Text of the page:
Storytelling is a very effective way to connect with an audience. Because of this, many marketers are asking attendees to share their stories. The problem with this approach is that most people have a hard time telling their story. You need to help them by bringing out essential components of it. Don’t put the burden on them to tell it. Evoke the type of emotions that leave them no other choice but to shout it from the rooftops.
This will make a lot of people angry, but testimonials on your event website are only a fraction as convincing of those that occur in “nature.” Everyone understands that the testimonials you share on your own site have been handpicked. So, while flattering and better than nothing, chances are enabling past attendees to share their thoughts without your edits will have a much greater effect on swaying potential attendees to join you.
Okay, people may believe your use of “very’ but it’s ineffective. Don’t use weak modifiers. Instead of saying your event is “very exciting” explain the why behind that statement. Don’t lean on a weak word to market your event.
Unless you’re Chuck Norris or Clint Eastwood form thirty years ago, leave this attempt to be tough to the professionals. Most of us are not “bad ass” nor could we be without hours (or years) of preparation. Let’s face it most of our industries don’t need us to be “bad ass.” When was the last time or marketer or florist was needed to save the world? We all have our own gifts and “bad assery” is not one of them for many, many professions.
This term is often used to drive action through creating a sense of urgency. But today’s cynical attendee doesn’t always believe the claims of selling-out. They are well aware that third-parties hold tickets and after-market purchase opportunities exist.
Like the word “honestly” it generally means the exact opposite of what it’s supposed to. Leave the word “authentic” for describing food, not an individual.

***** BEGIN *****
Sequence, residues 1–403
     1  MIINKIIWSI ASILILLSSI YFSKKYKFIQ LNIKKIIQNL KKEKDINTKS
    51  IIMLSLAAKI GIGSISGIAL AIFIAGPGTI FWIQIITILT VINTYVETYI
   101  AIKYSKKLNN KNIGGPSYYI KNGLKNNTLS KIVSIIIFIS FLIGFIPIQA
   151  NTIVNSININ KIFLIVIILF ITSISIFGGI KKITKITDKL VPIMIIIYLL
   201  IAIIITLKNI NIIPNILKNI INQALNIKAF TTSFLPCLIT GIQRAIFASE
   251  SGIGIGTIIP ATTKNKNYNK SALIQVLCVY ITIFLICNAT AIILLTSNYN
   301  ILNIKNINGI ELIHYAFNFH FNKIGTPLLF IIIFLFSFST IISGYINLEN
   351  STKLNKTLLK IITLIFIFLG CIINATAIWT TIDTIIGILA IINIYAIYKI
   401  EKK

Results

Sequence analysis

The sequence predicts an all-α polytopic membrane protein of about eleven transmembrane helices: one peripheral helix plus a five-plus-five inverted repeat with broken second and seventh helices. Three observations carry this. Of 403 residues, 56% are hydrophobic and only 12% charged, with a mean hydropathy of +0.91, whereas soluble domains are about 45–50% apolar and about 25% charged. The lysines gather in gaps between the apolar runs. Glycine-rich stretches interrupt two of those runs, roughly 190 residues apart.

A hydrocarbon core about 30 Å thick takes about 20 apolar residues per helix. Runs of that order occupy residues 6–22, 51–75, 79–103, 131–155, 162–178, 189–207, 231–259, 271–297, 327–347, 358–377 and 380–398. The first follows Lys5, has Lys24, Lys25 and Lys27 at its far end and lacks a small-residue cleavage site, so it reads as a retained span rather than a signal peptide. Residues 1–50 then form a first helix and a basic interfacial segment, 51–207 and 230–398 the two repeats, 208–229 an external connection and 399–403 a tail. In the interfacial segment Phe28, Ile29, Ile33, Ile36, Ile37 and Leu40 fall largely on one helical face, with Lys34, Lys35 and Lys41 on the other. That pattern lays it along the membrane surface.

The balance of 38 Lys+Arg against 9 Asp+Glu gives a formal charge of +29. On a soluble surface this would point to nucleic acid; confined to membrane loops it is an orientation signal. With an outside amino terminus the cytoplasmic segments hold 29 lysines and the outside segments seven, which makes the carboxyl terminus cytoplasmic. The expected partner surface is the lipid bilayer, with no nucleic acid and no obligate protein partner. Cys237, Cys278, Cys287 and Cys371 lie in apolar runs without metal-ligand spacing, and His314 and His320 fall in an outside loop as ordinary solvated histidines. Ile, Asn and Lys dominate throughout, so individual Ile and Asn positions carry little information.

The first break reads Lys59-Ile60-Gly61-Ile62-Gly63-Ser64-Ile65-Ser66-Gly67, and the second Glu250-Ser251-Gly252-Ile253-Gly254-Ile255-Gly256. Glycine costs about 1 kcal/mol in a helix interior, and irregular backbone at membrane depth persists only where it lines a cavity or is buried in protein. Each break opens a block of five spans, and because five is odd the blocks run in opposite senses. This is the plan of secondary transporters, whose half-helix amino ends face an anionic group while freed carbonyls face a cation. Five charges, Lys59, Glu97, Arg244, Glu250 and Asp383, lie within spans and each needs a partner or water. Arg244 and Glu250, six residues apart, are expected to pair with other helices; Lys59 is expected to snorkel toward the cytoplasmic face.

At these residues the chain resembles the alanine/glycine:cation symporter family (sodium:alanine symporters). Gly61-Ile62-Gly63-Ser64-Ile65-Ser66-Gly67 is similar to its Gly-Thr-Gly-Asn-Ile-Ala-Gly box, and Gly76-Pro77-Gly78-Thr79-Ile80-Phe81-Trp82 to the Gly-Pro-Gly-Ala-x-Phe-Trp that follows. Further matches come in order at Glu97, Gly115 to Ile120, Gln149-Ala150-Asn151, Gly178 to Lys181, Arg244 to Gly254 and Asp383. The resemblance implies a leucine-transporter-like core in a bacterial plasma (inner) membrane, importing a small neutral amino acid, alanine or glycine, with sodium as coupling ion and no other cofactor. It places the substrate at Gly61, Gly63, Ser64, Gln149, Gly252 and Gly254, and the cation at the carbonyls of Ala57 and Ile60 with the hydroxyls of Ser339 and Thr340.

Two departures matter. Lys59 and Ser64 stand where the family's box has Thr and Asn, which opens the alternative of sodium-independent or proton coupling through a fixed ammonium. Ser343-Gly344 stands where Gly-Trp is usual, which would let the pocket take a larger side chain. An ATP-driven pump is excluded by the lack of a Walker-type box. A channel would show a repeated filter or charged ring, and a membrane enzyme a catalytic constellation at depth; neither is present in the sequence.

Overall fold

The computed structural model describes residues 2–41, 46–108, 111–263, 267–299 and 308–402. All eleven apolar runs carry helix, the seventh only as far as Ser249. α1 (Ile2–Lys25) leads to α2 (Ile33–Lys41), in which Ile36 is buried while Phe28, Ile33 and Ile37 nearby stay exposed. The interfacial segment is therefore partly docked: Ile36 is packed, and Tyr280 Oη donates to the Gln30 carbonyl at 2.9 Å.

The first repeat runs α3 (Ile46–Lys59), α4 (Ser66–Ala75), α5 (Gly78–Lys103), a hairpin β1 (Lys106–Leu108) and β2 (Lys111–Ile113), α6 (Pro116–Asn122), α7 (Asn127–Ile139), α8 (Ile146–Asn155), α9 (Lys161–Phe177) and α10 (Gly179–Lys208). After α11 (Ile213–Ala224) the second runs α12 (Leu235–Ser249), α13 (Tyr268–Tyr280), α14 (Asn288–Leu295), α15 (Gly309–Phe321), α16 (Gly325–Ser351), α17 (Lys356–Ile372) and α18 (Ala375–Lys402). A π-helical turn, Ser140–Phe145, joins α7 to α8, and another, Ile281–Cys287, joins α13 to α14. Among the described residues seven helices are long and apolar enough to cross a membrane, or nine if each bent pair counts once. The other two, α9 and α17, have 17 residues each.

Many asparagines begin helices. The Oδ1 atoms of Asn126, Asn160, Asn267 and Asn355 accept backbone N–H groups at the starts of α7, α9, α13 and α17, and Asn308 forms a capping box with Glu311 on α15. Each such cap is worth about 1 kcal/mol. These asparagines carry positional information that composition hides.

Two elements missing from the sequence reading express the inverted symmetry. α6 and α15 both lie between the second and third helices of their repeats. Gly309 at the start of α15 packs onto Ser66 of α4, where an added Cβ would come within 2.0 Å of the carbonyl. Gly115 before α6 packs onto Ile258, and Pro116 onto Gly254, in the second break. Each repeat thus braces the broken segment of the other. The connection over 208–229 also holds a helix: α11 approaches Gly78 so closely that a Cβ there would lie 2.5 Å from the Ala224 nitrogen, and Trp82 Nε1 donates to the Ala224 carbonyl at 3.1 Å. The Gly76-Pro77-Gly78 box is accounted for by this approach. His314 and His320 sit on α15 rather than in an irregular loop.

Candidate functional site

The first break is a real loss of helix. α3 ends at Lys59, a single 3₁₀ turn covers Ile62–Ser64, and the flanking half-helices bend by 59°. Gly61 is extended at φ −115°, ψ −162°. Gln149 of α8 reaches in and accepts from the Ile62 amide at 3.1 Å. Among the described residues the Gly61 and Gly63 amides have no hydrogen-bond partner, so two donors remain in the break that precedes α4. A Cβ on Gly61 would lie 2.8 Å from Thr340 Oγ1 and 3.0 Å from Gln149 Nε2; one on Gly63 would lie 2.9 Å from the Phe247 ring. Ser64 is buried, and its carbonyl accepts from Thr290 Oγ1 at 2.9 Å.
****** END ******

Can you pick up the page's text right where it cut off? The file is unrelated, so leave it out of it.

People love transparency (except when it comes to how a hot dog is made). What they don’t love is a marketer telling them that they are being transparent. If you have to say it, it’s likely not going to be believed.
Even if you tell your attendees they can receive something without an obligation, the obligation is often something they feel, not something you insist upon. For instance, all attendees get a free chair massage on the exhibition floor. No obligation to purchase anything. But if the masseuse is “selling” something, your attendees will feel an obligation whether you intend for them to or not.
Attendees are getting savvier. If you’ve offered a discount at your last event right before registration closed, your attendees are probably waiting for it. If you’re going to extend a limited-time offer ensure it is limited or you’ll be setting next year’s attendee up not to believe you.
Is it? Is it really?
Marketing trickery is so 2015. Instead, use language that resonates with your audience and makes them feel something. To do that, you need to scratch these words from your marketing toolkit.
Additional Resources on Bad Content and Things Not to Say
Things Event Planners Have Done But Don’t Talk About
20 Things Event Planners Want to Say to Attendees But Can’t
12 Things Only Event Profs Understand
Confession: Marketing Skills Are Holding Back My Career Progression in Events